William Arthur Smith Benson (1854 – 1924) was a central figure in the Arts & Crafts movement. He is best known for his prolific metalwork and lighting designs, many of which he created for Morris and Co. Benson also designed antique marquetry furniture , being a director of the Morris furniture department from 1896.
W.A.S. Benson was born in Hampshire, to a wealthy family of Quakers. Expected to follow his barrister father to the Bar, he was more greatly influenced by his uncle, who was an engineer and amateur scientist. Having graduated in Classics and Philosophy from Oxford, Benson decided to combine his true interests of art and engineering with a career in architecture. He was apprenticed to the London architect Basil Champney until 1880, but changed tack after meeting the pre-Raphaelite artist Edward Burne-Jones. Through him, Benson met William Morris, for whom he worked, designing furniture and metalwork. A feature of Benson’s antique marquetry furniture designs are his exquisite inlays of tulip, ebony and rosewood.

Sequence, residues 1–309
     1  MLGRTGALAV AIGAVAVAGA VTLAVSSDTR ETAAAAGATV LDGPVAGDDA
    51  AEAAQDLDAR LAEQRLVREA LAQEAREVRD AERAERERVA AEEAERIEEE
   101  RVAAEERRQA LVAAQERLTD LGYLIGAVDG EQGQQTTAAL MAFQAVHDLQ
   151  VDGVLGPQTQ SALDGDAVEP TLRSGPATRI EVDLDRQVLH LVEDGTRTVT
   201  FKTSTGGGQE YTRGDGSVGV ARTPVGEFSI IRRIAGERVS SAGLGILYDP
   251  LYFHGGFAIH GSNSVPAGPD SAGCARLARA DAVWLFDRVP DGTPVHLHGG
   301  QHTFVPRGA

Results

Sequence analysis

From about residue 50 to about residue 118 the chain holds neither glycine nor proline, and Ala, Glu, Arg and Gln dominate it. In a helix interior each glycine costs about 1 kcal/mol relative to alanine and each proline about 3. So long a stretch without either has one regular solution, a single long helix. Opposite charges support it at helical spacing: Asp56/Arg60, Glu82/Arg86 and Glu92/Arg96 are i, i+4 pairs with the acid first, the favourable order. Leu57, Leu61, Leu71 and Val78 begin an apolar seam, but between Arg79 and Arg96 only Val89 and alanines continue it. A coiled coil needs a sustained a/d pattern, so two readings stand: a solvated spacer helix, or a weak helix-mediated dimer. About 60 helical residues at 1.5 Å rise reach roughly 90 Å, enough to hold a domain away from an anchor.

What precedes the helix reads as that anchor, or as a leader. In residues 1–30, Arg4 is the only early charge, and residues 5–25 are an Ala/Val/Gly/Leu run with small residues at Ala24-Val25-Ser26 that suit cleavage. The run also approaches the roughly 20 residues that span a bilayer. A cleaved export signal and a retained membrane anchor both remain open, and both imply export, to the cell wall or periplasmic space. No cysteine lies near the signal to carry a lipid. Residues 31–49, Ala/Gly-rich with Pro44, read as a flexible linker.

With encouragement from Morris, Benson set up his own metal workshop. By 1887 he had a showroom in Bond Street, and was an active member of the Art Workers’ Guild. He played a role in the founding of the Arts & Crafts Exhibition Society – the start of the Arts and Crafts movement – in the same year. By 1896 he was running the Morris furniture department. Despite being an avid supporter of machined goods (the exact opposite of Morris) he still adhered to the Arts and Crafts principals.
A trademark of Benson’s lighting designs was their ingenious simplicity, with wires, joins and mechanisms clearly on show. His marriage to the socialite Venetia Hunt gave him a unique insight into the needs of the mercantile Victorian elite, and by 1900 his catalogues of ‘useful and artistic gifts’ were proving highly popular. Attractive and functional, his copper and brass kettles, jugs and table lamps can be found on the shelves of antique cabinets today, while his antique marquetry furniture is eternally popular.